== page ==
The Nazis weren’t around anymore, so most heroes got new evil organizations to deal with. Along with Hydra other organizations like Advanced Idea Mechanics, The Hand and the Serpent Society all sprung up in the Silver Age as a way to fill in the blanks. And, while It was possible for Cap to face communists at the time, and he did, many of the most memorable communist related stories were centered on Iron Man – who embodied the capitalist ideal of a smart man with so much money he can fix just about anything (except himself).

iron man alcohol

And this version of Hydra, the one to exist for 40+ years, had only ancillary ties to the Nazi party through its leadership. It was there to fill in for it but had more in common with the likes of Kamen Rider’s Shocker or GI Joe’s Cobra – faceless grunts led by over the top supervillains with a convoluted backstory of how they got there. They weren’t Nazis exactly, but they were a fascist organization bent on world domination funded by resources left behind by the Nazis and led by former members of the party. Still, for what it was worth, they weren’t Nazis.

But that’s changed.

In the comics they haven’t gone and erased that line yet, it’s still there for people who have been reading for a long period of time. But this event came with a media blitz and that isn’t something Marvel does to speak to long time comic readers. Press releases and media campaigns are directed at people with an only passing interest in the property, casual fans with minimal exposure. Right now, those people get the majority of their lore and backstory from the Marvel Cinematic Universe. And, within the MCU, Marvel’s spent the last 5 years making sure that people see “Hydra” and “Nazi” as interchangeable.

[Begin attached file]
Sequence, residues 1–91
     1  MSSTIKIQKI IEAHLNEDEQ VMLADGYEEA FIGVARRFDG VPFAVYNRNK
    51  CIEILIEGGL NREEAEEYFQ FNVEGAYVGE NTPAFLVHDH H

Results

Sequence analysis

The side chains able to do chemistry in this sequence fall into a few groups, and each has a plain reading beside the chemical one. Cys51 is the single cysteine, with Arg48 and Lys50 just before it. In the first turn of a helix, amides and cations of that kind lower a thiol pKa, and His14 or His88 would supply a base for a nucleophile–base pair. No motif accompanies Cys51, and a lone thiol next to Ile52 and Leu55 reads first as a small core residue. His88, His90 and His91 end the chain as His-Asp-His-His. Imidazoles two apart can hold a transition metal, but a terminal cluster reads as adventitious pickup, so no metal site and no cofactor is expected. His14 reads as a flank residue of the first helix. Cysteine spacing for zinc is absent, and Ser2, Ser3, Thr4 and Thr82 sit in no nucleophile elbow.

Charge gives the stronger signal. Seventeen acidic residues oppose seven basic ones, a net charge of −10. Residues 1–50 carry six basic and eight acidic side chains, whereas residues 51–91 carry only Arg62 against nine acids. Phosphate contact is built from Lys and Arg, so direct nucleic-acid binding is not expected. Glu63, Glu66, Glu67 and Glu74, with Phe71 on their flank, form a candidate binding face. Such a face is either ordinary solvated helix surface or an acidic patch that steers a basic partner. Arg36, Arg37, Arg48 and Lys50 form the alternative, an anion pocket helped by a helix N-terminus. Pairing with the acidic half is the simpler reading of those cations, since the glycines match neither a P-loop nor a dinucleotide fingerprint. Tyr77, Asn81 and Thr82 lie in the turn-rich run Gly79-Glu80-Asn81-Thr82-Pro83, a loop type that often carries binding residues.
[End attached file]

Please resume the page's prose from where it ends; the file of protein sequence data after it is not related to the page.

This isn’t hyperbole on my part, either. The origins of modern Hydra  have been tied to the Nazi party in the movies now. Their activities today are still being influenced by old Nazi leaders and scientists. And characters within the MCU see very little difference between the two. In fact, in Agents of SHIELD, which has spent a great deal of time dealing with Hydra, they went out of their way to hold this conversation.

Skye: “God, you might actually believe that. You…that is… that is the twisted logic that they teach you when you sign up to be a Nazi.

Ward: “Stop. Wait. I’m not a Nazi.

: “Yes, you are. That is exactly what you are. It’s in the S.H.I.E.L.D. handbook, chapter one. The Red Skull—founder of HYDRA—was a big fat freakin’ Nazi.

Sure, Ward disagrees with the label, but he’s also the villain and represented as a compulsive liar who always subverts the truth. So when you direct a press release to that audience, you aren’t telling them that he just joined an organization from the 60s with a convoluted backstory going back to ancient times, you’re telling them he joined the Nazis. And, as much as many of us would want to look at Hydra as a 60s precursor to silly shit like this…

Yes, Marvel just implied Cap is a Nazi, and that’s a bad idea.

(I write novels and scripts, so far none of it is newsworthy. But when they are, you can hate me on twitter – like those crazy people against Nick Spencer)